(CNN Business) – As the doors open at Blake Street Tavern every day, employer Chris Fuselier searches for clients and ketchup in an envelope. Says a Denver restaurant owner “of course.” Later, if you had asked me eighteen months ago if I had concerns about the shortage of ketchup in the sachets, I would have said Are you crazy?
But since then, Fuselier has increasingly focused on the insane pursuit of ketchup for its customers. “It got so bad that when I go to McDonald’s or Wendy’s, I’ll keep these extra packs for me to take to Blake Street,” he says.
You are not alone in this situation. A shortage of ketchup, especially in the packaging that often comes with your order, began to appear across the country last summer, and the situation worsened.
Why is there a shortage of ketchup in bags?
It began when the Centers for Disease Control and Prevention (CDC) did not recommend traditional dining in restaurants and suggested more appropriate options in the epidemic such as home delivery and dining out.
Suddenly, coast-to-coast restaurants were packing starters, side dishes, and cold drinks to a steady stream of people working from home or driving by. These customers wanted additional sauces. So those traditional restaurants were in direct competition with fast food places, which also closed their dining rooms and increased their orders for tomato sauce packages.
Demand and prices have risen, and supply has decreased.
Heinz, the nation’s largest producer of tomato sauce, is at the epicenter of the problem and is taking steps to address it. Just a few days ago, the company announced a “25% increase in production, totaling 12,000 million bags of tomato sauce … annually”.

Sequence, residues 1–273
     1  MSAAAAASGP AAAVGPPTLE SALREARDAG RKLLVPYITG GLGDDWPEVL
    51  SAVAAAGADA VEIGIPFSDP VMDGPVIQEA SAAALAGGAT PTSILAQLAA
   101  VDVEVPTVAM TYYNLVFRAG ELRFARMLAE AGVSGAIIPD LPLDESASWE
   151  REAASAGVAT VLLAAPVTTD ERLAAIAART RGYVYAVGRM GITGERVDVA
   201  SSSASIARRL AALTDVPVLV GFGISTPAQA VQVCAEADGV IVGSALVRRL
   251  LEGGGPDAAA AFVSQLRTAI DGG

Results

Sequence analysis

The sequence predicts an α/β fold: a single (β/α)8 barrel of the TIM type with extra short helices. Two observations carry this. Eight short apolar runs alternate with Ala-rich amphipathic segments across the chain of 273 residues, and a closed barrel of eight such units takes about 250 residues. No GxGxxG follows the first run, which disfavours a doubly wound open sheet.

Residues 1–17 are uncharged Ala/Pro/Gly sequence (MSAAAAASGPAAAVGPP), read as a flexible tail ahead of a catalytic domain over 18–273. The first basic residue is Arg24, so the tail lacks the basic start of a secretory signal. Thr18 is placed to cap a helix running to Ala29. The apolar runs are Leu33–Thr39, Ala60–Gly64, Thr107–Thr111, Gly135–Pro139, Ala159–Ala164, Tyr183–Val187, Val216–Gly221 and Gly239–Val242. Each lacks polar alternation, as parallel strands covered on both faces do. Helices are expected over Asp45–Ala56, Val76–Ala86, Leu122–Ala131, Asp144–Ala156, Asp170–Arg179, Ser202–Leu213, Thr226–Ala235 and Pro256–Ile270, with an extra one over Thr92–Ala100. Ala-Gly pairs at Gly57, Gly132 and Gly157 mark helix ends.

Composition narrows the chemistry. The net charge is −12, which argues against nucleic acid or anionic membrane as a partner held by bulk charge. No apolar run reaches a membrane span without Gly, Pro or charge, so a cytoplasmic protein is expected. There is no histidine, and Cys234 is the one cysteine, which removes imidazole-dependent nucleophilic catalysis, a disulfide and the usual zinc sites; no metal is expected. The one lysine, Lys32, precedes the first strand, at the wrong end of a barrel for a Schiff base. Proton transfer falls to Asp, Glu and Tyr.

“We made strategic investments in manufacturing at the start of the epidemic to keep pace with the increase in demand for packets of ketchup led by rapid delivery and overseas eating trends; at the same time, we are also working to accelerate forward-looking and culinary production, packaging innovations, as well as additional manufacturing expansion plans. .
That’s a long way of saying that the ketchup giant doesn’t want to leave anyone empty-handed when looking for a little flavor as the pandemic clears.
In Colorado, there is even more urgency in front of Coors Field, which is where the popular Fuselier Restaurant is located. Quite unexpectedly, the Major League Baseball All Star is coming to town in July, promising unexpected wins after a tough year.
He is committed to keeping up with the demand for ketchup, and storing as much as he can. He says with a smile, “I will order now. It’s not a joke. I have a hundred days.”